The federal government provides grants to state and local governments for their transportation infrastructure. State and local governments use some of those funds to replace funds that they would have provided for such investment.
By Sheila Campbell (CBO)
Each year, the federal government invests in expanding and improving the country’s transportation infrastructure. Much of that investment takes the form of grants from the federal government to state and local governments. In its work, CBO has estimated that state and local governments use some of those federal grant funds to replace some nonfederal funds that would have otherwise been used for such investment. Though the economics literature has often provided evidence that such fiscal substitution does occur for investments in highways, less agreement exists around the amount of that substitution.
How Is the Presence of Fiscal Substitution Relevant to CBO’s Work?
The federal government spent about $80 billion on transportation infrastructure in 2014, and state and local governments spent close to $300 billion. Of those spending totals, about three-fourths of the federal amount was for capital investment (spending to expand or improve facilities), whereas almost half of state and local spending was for capital investment. Much of that federal spending took the form of grants to state and local governments, and some of it is expected to replace investment that state and local governments would have undertaken on their own. Understanding the extent to which that substitution occurs is helpful to CBO in considering how federal spending affects the economy.
What Is the Evidence of Fiscal Substitution in the Economics Literature?
Attempts to estimate the extent of fiscal substitution of federal investment in transportation infrastructure have focused on highways because that is where most federal transportation investment goes. Researchers have found evidence that state and local governments reduce spending on highways from their own funds as federal grants increase. For an increase of $1 in federal grants, most estimates suggest, state and local governments would reduce spending on highways from their own funds by between $0.20 and $0.80.
Why Are the Findings So Varied?
Several explanations could account for the wide range of estimates of fiscal substitution. Studies rely on different dependent variables: state highway spending, state and local highway spending, and state capital spending on highways. The periods examined in the studies vary, and programs may have undergone changes that altered how states implemented them. In addition, researchers adopted different strategies to address concerns about federal grant funding and state and local spending being endogenously determined.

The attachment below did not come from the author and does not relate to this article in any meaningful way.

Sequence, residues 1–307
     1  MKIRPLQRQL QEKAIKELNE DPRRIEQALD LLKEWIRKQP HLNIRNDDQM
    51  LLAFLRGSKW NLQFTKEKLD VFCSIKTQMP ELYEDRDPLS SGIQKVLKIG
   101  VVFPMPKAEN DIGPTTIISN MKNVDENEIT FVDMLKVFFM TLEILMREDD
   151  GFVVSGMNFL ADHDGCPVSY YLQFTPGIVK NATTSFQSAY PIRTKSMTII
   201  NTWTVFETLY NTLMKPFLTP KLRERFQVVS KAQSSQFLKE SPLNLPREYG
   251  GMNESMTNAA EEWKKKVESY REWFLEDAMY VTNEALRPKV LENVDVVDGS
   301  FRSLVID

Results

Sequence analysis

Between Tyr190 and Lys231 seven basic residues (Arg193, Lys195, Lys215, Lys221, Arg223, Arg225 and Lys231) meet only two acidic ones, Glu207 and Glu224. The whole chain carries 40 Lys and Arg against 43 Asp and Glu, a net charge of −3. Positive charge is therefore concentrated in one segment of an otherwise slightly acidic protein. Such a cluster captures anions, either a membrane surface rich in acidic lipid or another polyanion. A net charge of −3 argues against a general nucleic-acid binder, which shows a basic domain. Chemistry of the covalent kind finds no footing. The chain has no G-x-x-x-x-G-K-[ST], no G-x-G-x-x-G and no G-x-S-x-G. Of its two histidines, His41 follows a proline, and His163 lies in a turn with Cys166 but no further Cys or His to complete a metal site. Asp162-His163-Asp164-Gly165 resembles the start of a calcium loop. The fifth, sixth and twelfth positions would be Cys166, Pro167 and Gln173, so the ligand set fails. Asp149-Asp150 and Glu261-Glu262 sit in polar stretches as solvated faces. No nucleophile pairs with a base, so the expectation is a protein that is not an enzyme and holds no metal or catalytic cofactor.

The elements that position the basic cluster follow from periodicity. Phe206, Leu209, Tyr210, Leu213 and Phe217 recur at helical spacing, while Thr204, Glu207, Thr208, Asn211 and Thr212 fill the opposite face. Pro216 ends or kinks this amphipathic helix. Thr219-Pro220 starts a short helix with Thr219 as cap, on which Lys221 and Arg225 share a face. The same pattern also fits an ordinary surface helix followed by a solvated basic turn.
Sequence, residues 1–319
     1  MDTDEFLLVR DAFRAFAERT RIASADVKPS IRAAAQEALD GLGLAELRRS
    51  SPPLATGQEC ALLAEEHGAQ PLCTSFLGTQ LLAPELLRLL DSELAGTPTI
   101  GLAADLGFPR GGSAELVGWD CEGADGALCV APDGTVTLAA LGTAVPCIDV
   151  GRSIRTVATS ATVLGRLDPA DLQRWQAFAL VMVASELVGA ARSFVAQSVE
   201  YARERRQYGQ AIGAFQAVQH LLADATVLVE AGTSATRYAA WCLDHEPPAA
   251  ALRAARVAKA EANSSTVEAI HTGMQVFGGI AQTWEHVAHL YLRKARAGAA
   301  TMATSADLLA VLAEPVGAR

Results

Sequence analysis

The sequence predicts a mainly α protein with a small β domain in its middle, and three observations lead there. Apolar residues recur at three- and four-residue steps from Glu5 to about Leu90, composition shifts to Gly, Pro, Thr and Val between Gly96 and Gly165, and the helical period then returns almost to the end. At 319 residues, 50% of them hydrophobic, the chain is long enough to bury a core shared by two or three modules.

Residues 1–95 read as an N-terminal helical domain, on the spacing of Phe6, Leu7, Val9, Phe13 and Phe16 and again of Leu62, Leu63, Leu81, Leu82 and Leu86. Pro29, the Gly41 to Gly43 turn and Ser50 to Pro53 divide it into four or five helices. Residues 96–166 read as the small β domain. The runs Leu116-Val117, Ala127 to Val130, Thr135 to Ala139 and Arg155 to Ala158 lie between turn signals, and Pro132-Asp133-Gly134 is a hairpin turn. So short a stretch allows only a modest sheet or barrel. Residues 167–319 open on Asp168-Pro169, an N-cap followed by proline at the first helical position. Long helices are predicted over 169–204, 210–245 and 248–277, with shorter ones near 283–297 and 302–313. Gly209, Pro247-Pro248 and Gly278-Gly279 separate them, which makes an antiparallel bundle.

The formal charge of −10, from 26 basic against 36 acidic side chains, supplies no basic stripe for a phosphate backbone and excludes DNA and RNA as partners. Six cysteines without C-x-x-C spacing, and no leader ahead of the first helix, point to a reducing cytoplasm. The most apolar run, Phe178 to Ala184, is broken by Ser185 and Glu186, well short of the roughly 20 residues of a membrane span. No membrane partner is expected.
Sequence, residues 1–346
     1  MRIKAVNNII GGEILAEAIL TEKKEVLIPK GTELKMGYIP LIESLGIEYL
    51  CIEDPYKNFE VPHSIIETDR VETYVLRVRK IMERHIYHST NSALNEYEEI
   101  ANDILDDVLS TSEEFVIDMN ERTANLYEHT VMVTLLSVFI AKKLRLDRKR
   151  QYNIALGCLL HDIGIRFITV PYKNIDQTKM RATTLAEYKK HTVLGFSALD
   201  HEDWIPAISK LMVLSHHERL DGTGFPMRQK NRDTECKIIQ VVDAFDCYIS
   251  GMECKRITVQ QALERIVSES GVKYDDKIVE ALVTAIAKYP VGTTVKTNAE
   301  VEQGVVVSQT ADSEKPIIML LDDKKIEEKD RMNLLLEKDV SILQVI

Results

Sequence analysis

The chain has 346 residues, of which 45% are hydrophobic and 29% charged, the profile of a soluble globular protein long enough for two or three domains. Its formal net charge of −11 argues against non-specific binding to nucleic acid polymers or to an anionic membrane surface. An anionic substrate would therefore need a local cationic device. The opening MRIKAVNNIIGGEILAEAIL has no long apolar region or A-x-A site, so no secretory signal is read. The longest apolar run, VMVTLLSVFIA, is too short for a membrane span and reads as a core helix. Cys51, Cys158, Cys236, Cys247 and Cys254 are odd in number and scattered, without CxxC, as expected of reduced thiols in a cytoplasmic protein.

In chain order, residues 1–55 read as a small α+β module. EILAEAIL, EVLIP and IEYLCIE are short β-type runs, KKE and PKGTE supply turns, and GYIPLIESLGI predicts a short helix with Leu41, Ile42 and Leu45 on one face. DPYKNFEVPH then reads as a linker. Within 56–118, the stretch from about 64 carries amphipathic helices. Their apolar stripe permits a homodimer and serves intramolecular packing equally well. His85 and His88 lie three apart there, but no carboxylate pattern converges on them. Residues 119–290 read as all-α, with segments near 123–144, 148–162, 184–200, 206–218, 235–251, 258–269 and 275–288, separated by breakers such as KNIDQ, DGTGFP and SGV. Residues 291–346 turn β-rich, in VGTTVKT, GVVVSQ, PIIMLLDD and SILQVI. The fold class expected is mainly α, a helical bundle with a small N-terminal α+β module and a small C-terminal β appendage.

What Extensions to the Fiscal Substitution Literature Could Be Useful to CBO’s Understanding of How Much Investment Occurs From Federal Grants?
Several possible extensions to the fiscal substitution literature would further clarify the conditions under which substitution is likely to occur and how other factors influence that effect. State and local governments may adjust their own spending on capital projects or operations and maintenance in response to federal highway grants. The fiscal condition of state and local governments and their relation to national economic conditions also are likely to affect substitution. In addition, federal spending changes could be permanent or temporary, large or small, and increases or decreases, each of which could have implications for state and local spending responses. The effects of federal grant programs could be compared with those of other federal programs that subsidize investment in transportation infrastructure.
How Applicable Are Highway Fiscal Substitution Estimates to Other Transportation Modes?
Patterns of funding and decisionmaking authority differ between highways and other modes of transportation, suggesting some caution in applying highway results to other modes. Mass transit is most similar to highways in that spending is shared between the federal government and state and local governments and because decisionmaking generally rests with the state or local government. The federal government has a more direct role in decisions about aviation and water transportation infrastructure, whereas rail relies heavily on the private sector.